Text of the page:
The 300-year legacy of a charitable foundation supporting education in Redcar – which started with the wishes of just one man – is set to continue following a major college merger.
Stockton Riverside College and Redcar and Cleveland College have now merged – and the two colleges will work together as one organisation but retain their own identities and campuses.
The Sir William Turner Foundation helped to enable this merger by giving consent since it had a beneficial interest in the land owned by Redcar and Cleveland College and has continued providing financial support of the Redcar college.
Peter Sotheran MBE is chair of The Sir William Turner Foundation, which was represented by Tees Valley law firm Punch Robson throughout the merging process.
He said: “The trustees of the Sir William Turner Foundation see this merger as an exciting new opportunity and look forward to continuing their support for students at Redcar and Cleveland College.”
Elaine McLaine-Wood, managing partner and head of corporate and commercial property at Punch Robson, said: “Our relationship with The Sir William Turner Foundation spans more than 100 years.
“We look forward to continuing to represent the foundation during this exciting time.”
Sir William Turner was born in Guisborough in 1615 and became a draper’s assistant in London.
William prospered in this business. He was knighted in 1662 and served as Lord Mayor in 1668. He never married and devoted much time and money to charitable causes involving education and care for the poor.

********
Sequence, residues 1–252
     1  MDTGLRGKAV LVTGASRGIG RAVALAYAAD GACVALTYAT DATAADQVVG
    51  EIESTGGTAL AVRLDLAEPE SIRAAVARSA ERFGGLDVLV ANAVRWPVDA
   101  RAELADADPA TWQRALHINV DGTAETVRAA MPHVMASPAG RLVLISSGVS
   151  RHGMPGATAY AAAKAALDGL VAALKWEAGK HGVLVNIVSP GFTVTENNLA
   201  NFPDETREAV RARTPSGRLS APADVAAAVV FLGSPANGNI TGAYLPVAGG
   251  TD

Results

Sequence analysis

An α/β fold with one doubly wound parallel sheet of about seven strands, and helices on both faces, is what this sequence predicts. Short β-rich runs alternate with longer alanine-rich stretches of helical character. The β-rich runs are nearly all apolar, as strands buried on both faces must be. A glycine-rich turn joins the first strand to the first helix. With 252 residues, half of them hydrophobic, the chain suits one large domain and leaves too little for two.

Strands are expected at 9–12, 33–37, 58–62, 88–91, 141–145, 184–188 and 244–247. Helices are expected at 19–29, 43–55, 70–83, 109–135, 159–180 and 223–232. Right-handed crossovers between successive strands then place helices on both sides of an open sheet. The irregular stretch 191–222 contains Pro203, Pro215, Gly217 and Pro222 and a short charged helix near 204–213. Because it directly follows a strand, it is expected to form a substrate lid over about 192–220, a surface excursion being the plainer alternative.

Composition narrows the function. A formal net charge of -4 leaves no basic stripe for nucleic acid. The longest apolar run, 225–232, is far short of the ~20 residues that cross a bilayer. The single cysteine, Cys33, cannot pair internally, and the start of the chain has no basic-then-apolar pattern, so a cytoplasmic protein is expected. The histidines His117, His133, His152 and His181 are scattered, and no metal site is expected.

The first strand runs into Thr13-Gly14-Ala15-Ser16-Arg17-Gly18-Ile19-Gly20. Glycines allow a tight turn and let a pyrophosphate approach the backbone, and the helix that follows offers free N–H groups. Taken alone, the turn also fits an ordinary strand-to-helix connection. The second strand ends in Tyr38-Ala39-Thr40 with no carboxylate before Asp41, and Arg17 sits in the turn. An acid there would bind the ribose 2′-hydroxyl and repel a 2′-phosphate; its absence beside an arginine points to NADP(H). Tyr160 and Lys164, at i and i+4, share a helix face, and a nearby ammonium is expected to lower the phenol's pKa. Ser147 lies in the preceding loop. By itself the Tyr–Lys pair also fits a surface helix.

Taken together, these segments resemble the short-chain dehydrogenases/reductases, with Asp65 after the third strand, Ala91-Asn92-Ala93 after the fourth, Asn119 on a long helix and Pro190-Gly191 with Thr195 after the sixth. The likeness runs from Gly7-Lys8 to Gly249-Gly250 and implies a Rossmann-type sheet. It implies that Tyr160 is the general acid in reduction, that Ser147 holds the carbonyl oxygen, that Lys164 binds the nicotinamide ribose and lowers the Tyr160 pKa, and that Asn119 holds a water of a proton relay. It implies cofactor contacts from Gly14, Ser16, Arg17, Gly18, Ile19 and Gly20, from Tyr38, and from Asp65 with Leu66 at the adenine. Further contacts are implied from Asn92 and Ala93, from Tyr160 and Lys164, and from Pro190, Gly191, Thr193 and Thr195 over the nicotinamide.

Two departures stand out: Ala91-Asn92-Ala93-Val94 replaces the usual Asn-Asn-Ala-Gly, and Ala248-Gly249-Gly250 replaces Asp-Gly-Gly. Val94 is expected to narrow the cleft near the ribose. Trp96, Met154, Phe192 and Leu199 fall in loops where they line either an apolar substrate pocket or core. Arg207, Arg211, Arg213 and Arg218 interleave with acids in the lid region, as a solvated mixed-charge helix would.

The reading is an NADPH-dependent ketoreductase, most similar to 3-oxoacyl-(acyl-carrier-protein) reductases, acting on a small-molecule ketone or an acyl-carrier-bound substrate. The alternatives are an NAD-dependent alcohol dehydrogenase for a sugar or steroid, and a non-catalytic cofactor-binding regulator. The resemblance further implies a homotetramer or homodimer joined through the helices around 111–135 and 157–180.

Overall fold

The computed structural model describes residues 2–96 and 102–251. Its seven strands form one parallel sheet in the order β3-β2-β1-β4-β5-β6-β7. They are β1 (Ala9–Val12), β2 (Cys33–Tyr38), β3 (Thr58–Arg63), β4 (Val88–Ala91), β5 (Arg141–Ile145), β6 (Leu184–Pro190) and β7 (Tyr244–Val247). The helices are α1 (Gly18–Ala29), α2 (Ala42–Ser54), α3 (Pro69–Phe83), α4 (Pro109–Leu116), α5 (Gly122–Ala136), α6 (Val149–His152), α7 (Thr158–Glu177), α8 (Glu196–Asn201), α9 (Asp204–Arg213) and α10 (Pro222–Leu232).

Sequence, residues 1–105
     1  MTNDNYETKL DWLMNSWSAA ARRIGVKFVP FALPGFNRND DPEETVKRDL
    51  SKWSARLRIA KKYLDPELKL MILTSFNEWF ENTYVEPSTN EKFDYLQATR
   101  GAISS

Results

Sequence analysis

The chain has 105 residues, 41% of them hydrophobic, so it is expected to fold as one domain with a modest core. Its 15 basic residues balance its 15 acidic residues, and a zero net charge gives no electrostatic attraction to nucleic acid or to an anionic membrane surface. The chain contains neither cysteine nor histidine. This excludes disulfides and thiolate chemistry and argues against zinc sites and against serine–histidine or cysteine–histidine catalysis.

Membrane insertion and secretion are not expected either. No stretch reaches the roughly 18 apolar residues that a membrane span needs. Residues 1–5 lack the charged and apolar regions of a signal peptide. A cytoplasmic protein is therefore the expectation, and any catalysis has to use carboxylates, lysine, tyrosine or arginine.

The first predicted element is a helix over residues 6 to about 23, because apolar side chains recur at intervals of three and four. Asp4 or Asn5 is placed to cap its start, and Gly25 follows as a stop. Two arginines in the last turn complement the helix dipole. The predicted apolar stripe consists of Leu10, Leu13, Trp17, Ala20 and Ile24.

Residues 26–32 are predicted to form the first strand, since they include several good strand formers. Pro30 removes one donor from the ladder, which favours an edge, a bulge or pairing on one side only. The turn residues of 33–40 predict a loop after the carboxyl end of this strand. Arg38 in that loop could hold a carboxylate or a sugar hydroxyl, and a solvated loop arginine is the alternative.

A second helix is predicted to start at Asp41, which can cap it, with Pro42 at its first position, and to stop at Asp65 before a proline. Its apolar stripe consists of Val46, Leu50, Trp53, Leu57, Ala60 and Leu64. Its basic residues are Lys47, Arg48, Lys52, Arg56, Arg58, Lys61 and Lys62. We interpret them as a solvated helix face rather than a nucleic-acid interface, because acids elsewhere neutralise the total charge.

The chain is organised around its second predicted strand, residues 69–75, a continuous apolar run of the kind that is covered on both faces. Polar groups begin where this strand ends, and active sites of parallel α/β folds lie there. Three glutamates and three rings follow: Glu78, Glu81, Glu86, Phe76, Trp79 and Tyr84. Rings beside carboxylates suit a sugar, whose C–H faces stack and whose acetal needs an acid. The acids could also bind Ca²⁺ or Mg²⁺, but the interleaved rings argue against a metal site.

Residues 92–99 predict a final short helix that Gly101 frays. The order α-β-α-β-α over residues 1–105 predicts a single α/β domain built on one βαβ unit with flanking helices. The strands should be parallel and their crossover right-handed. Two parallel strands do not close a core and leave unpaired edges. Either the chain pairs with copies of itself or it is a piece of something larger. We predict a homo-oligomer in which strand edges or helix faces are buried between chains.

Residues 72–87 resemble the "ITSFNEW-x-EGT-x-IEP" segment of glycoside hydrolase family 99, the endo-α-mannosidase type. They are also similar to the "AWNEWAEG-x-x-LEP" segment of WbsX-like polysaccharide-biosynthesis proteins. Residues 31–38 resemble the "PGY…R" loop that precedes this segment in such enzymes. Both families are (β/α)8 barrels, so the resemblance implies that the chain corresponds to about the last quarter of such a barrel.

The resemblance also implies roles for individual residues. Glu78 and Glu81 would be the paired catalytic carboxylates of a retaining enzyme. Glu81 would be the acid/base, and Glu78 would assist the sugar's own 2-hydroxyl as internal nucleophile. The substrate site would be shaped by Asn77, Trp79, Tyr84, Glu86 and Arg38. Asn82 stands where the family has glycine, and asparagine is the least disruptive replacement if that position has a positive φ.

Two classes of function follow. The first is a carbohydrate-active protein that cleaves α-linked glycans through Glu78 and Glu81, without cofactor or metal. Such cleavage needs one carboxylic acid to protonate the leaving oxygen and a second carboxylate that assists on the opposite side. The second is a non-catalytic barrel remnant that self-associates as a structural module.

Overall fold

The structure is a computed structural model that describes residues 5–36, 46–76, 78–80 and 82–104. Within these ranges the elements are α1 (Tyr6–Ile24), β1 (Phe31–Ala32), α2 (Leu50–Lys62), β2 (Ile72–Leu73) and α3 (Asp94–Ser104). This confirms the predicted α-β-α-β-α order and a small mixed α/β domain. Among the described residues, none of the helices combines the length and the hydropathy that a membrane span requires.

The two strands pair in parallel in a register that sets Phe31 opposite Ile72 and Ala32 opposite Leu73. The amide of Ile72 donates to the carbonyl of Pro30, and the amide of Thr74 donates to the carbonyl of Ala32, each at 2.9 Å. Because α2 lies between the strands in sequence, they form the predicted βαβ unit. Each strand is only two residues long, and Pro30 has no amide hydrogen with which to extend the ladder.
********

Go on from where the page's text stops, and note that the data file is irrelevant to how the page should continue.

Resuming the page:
The Sir William Turner Foundation is a registered educational charity which originated from his charitable bequest in his 1692 will.
The bequest led to the establishment of the Free School at Kirkleatham in 1709 – and the start of his legacy of educational support in the area.
The 1988 Education Act encouraged partnerships between colleges and the relationship established in 1994 between Sir William Turner’s Sixth Form College – another educational interest for the foundation – and Cleveland Technical College was one of the first.
The first name of the new college was Cleveland Tertiary College, which was changed to Redcar and Cleveland College.
A new college building was opened in 2008 on the current Corporation Road site, with both the old Cleveland Technical College and the Sir William Turner’s Sixth Form College buildings being demolished soon afterwards.
The foundation still supports educational activity in the college. Last year it donated almost £20,000 to buy special equipment for several departments and assisted students to make overseas study trips.
To find out more about the Sir William Turner Foundation visit, www.sirwilliamturner.org.uk.
For more information about Punch Robson and its services visit, www.punchrobson.co.uk
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